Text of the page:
I was recently told about an interesting situation from a $1/$2 no-limit cash game that illustrates how to take advantage of weak, straightforward players who make their hand’s strength clear with their bet sizes. With $300 effective stacks, a player from middle position limped, as did the cutoff. Our Hero raised to $12 from the button with.
While I am fine with raising this decently strong hand from the button, I think both calling and raising larger, perhaps to $16, are also reasonable options. Calling keeps the pot small, often amplifying your postflop advantage (assuming you play well) while raising larger allows you to pick up the preflop pot with no contest more often. When you make it between $8 and $12, you will find that you almost never win the pot preflop, meaning you often have to flop well to have a good shot to win.
I was recently told about a hand from the final table of a live $500 buy-in tournament that illustrates a few key mistakes that many players make when playing short stacked. With blinds at 5,000/10,000 with a 10,000 big blind ante, everyone folded to the small blind who started with 120,000. He was the shortest stack at the final table, but there were a few other players with between 15 and 20 big blinds. The blind was a loose, aggressive player with 50 big blinds.
The small blind looked down atand decided to limp.
I was recently told about a no-limit hold’em poker hand that illustrates a key concept you must master if you want to succeed at the game. In a $1/$2 cash game, someone raised to $7 from early position out of his $200 effective stack and our Hero called on the button with 3-3.
I’ve been doing a series of articles on PLO, looking at some of the basics for new players. PLO is a big jump from No-Limit Hold’em, but if your Hold’em skills are solid, it’s an amazing experience that will benefit you as an all-around poker player. And best of all, it will even take your No-Limit Hold’em game to the next level, because you’ll be forced to think so deeply about concepts like outs and blockers, they will almost seem trivial when you return to Hold’em.
In my last article we talked about crucial PLO concepts such as position, blockers, and pot control. Today, I’m going to be talking about playing pocket aces, a (seemingly) trivial topic in Hold’em. Just get your money in, right? In PLO, it’s not so simple…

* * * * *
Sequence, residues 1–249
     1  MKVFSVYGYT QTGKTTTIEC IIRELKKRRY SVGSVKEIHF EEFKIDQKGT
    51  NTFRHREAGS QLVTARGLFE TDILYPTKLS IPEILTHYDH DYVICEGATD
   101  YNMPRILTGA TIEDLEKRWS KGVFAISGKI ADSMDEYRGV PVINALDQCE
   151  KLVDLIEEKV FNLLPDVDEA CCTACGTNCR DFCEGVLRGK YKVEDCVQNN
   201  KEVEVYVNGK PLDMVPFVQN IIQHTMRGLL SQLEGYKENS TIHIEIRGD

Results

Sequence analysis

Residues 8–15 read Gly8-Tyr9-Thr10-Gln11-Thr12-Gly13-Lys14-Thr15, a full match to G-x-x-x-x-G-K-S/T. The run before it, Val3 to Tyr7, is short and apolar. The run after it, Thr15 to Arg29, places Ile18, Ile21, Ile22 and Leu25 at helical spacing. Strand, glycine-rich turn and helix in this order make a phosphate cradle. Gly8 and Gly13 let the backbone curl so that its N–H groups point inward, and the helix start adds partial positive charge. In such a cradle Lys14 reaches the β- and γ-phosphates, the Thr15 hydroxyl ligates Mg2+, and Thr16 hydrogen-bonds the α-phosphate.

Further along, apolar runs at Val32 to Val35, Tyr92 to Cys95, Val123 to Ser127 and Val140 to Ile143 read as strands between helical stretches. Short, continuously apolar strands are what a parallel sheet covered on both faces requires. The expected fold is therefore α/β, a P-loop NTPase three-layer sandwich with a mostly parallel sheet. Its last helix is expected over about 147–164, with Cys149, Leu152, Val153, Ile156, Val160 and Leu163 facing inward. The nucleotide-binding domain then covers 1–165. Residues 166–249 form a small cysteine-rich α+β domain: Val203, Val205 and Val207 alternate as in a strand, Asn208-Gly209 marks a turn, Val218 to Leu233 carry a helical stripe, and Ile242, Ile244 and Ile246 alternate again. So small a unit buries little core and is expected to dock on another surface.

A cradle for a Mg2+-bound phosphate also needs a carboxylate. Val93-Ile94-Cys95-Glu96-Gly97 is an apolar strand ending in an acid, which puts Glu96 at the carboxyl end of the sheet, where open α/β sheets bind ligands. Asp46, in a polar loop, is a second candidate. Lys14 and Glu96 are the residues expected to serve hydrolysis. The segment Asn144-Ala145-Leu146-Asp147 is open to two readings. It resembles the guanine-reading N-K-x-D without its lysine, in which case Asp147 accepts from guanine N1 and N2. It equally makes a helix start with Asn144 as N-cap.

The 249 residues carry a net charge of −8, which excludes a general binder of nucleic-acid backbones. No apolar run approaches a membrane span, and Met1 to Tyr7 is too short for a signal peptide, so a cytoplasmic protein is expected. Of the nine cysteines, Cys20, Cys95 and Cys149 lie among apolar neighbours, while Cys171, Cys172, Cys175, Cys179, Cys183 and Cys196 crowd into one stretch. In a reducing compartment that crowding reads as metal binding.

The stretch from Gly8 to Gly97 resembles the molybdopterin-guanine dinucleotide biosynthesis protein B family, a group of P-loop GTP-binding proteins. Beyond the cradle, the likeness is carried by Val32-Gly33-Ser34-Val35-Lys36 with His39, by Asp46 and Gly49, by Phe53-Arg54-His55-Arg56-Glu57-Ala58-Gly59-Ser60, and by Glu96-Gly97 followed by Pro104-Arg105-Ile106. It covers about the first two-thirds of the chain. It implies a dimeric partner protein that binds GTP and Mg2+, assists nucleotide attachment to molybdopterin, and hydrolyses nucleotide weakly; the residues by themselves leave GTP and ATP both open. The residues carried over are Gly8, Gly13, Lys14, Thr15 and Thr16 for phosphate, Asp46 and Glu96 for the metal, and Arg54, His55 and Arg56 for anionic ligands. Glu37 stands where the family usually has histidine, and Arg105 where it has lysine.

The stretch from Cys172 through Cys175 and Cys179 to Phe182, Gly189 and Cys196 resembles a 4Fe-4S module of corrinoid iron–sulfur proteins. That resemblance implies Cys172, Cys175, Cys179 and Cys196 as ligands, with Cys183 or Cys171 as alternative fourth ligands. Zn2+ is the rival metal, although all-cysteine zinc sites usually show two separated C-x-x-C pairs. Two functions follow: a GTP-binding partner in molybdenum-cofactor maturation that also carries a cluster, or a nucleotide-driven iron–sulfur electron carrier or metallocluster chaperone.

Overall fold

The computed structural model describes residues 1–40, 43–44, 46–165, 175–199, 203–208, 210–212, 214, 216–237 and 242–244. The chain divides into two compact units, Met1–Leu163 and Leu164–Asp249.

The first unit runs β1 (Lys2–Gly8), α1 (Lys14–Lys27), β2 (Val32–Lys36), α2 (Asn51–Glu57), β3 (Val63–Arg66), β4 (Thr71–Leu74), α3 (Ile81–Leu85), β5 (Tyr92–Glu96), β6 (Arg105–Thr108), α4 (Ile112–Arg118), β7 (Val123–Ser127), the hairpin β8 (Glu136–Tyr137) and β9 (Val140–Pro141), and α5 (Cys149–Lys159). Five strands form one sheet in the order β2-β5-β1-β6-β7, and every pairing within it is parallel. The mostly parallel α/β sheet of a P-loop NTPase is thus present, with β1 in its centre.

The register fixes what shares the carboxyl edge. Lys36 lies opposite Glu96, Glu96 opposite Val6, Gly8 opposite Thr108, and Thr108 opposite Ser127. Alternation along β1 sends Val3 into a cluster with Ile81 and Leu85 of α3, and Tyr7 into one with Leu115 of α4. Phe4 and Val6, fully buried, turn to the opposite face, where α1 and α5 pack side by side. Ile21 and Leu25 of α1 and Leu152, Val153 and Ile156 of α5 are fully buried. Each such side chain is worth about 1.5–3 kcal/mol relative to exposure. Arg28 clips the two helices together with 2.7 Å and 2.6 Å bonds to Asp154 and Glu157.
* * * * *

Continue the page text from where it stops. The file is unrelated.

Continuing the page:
Imagine you are in this situation:
You have. You are in the big blind. It’s folded to the cutoff. He’s a young guy. You’re in a $235 live event in Vegas. He seems modest. He wears a plain tee and normal jeans. He seems educated about the game, but he’s not lording his talents over others. He seems to be a well-adjusted guy in his late 20’s.
I was recently told about a poker hand that illustrates a few detrimental errors many amateur players make on a regular basis. In a $2/$5 no-limit hold’em cash game, our Hero decided to raise to $10 out of his $350 stack withfrom middle position.
I was recently told about a hand by an amateur poker player that illustrates a few key errors many players make on a regular basis. In a $2/$5 no-limit hold’em cash game, our Hero raised to $30 out of his $200 effective stack with.
I was recently told about a hand from a $500 buy-in live poker tournament that illustrates an error many amateur players make on a regular basis. With blinds at 1,000/2,000 with a 200 ante, the action folded to our Hero in third position at a nine-handed table who raised to 5,000 out of his 75,000 stack withKs-Kd .
This is a hand from last year’s PokerStar’s Caribbean Adventure where I was commentating. I will share with you a particularly sweet hand played by Daniel Negreanu. Daniel made it clear that he had been working hard on his game, and this hand clearly illustrates that to be the case.
I was recently recounted a hand from a $1/$3 no-limit hold’em cash game that illustrates a few flaws in the average small stake player’s strategy. With a $700 effective stack, Hero raised to $20 from second position at a nine-handed table with
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